The EU General Court issued a decision on 24 February rejecting Coca-Cola's Community Trade Mark (CTM) application for the shape of a bottle.
Coca-Cola has successfully registered a number of 3D marks in the past, including their signature bottle which has narrow groves and fluting. The mark of the new application includes a bulge in the centre but no ridges.
The new application was filed on 29 December 2011, covering metallic bottles in class 6, glass and plastic bottles in class 21 and drinks in class 32.
OHIM rejected the application on the grounds that the mark was devoid of distinctive character. Coca-Cola appealed against the decision arguing that the mark was a natural progression from its famous bottle. The appeals board upheld the rejection and Coca-Cola again appealed, arguing that the mark had acquired distinctiveness through use.
The General Court held that Coca-Cola had failed to show that the shape had acquired distinctive character through use, arguing that the bottle does not possess any characteristics that distinguish it from other bottles on the market.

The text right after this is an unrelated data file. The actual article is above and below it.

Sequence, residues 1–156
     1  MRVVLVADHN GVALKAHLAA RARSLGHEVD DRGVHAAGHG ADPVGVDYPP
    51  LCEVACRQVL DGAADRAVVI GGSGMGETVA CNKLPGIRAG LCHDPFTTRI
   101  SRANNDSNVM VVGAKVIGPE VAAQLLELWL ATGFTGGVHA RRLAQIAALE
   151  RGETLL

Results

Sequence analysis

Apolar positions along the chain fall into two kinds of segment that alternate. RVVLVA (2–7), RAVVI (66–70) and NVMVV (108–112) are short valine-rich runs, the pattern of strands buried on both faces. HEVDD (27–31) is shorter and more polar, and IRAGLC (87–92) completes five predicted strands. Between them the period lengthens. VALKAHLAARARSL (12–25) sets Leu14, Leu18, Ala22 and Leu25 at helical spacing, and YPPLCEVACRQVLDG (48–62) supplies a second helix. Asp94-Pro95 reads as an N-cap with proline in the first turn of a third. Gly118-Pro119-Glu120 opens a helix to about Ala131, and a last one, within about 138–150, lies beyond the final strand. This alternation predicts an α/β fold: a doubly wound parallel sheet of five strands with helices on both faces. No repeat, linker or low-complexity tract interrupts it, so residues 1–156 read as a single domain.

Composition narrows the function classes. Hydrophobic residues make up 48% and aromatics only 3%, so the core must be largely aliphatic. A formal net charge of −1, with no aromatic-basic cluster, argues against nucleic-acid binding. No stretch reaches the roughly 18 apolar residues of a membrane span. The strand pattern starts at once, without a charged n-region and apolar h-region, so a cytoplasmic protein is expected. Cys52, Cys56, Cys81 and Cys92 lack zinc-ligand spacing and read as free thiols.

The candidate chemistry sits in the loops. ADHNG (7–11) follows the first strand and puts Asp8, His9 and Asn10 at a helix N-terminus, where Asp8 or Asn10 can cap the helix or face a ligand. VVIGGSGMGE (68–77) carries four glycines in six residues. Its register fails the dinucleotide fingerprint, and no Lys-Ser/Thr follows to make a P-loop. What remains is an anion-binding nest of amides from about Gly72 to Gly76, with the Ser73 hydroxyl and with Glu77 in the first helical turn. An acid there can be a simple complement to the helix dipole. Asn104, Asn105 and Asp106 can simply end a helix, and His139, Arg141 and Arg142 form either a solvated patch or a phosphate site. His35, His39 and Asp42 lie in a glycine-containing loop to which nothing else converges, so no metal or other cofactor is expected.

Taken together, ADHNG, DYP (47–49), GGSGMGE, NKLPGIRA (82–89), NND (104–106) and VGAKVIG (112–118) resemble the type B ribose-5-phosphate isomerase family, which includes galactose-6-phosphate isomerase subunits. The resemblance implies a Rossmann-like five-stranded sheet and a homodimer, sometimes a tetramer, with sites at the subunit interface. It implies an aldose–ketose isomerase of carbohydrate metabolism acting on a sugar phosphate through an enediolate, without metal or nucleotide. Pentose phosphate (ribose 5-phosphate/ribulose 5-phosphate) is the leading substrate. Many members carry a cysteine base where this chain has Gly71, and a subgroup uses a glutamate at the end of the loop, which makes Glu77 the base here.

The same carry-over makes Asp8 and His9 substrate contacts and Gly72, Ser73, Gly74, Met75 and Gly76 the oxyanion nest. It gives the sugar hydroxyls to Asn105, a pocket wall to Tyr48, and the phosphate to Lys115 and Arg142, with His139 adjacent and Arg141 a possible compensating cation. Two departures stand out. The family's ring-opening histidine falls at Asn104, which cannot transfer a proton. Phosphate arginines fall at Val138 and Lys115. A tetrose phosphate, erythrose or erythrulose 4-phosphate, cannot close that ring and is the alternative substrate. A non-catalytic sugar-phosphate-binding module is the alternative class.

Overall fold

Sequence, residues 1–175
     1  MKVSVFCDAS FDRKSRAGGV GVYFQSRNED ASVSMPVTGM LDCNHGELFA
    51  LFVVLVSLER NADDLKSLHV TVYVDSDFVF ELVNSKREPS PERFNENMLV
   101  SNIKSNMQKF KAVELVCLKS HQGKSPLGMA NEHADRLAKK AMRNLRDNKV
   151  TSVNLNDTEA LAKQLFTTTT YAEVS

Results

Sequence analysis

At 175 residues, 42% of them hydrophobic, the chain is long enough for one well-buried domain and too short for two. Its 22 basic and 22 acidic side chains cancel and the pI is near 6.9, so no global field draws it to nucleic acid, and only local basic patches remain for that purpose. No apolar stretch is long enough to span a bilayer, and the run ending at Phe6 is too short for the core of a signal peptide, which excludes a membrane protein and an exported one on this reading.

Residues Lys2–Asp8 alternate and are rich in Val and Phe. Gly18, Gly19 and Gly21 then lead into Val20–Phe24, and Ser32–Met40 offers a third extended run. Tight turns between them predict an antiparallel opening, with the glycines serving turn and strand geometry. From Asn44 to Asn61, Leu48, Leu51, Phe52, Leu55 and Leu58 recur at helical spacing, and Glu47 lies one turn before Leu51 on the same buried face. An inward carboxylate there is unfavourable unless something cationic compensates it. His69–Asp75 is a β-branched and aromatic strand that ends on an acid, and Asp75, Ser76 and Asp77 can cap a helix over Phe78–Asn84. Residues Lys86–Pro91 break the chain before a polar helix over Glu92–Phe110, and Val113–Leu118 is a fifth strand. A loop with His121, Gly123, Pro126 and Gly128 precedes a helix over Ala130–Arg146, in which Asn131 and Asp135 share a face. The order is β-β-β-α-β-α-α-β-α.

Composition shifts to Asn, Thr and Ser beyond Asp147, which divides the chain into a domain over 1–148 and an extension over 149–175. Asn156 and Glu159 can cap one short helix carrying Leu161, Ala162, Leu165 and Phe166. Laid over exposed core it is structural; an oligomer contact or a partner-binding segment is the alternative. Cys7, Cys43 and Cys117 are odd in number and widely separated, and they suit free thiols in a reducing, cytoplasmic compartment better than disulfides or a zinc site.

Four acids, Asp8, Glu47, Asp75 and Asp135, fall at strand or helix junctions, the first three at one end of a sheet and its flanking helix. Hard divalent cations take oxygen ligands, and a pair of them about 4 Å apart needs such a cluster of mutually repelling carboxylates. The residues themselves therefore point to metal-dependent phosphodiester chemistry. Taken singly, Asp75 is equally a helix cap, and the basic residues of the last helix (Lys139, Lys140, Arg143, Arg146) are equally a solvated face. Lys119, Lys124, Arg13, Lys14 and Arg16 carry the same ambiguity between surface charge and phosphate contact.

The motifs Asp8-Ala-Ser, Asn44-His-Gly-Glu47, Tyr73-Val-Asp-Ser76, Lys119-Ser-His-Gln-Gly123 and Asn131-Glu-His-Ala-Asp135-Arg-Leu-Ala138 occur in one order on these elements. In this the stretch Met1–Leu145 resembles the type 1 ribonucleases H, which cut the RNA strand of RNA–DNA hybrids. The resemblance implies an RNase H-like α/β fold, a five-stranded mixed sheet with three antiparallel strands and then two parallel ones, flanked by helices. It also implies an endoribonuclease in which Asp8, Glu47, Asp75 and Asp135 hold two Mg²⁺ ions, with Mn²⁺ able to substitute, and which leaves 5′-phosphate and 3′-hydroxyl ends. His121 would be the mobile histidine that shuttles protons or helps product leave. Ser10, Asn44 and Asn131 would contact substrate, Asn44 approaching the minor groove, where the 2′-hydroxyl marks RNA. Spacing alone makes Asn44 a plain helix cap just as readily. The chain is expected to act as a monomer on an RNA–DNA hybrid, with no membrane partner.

Although previous case law states that the criteria for assessing the distinctive character of a shape mark is not different to other categories of trade marks, the average consumer will not recognise the shape of goods as a trade mark in the absence of any word or logo.
Distinctiveness of Shape Marks
The decision follows other recent cases refusing the protection of shape marks. Nestlé failed to register the shape of their four fingered bar. Mr Justice Arnold said in this ruling that
"in these circumstances it seems likely that consumers rely only on the word mark KitKat and the other word and the pictorial marks used in relation to the goods in order to identify the trade origin of the products. They associate the shape with KitKat (and therefore with Nestlé), but no more than that". For the purposes of registrability, it must be considered whether consumers would rely on a mark as a badge of origin.
It seems that surface decoration will improve the chances of registering a shape mark rather than just the shape of the goods themselves.
It is yet to be seen whether Coca-Cola will file an appeal before the European Court of Justice.Posted by: in: News, Trade Marks